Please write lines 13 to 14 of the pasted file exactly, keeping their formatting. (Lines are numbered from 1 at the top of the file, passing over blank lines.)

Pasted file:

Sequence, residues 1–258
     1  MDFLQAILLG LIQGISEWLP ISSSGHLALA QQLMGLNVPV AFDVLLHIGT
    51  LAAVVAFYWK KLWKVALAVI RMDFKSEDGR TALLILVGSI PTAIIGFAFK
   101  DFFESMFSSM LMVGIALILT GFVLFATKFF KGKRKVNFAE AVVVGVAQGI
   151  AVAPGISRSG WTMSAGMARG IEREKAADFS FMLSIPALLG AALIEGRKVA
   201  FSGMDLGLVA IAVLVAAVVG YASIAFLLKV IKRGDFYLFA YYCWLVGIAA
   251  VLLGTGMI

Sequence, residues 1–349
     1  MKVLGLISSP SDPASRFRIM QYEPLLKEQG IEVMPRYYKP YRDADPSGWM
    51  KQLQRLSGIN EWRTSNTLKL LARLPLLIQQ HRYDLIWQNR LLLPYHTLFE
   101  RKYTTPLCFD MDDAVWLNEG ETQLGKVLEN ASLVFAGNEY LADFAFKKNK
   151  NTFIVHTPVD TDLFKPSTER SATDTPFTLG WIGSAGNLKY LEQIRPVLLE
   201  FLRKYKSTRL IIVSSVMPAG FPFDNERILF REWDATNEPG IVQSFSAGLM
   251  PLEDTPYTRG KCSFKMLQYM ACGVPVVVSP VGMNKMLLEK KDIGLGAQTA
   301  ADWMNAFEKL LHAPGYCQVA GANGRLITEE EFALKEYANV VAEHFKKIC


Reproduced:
   201  FLRKYKSTRL IIVSSVMPAG FPFDNERILF REWDATNEPG IVQSFSAGLM
   251  PLEDTPYTRG KCSFKMLQYM ACGVPVVVSP VGMNKMLLEK KDIGLGAQTA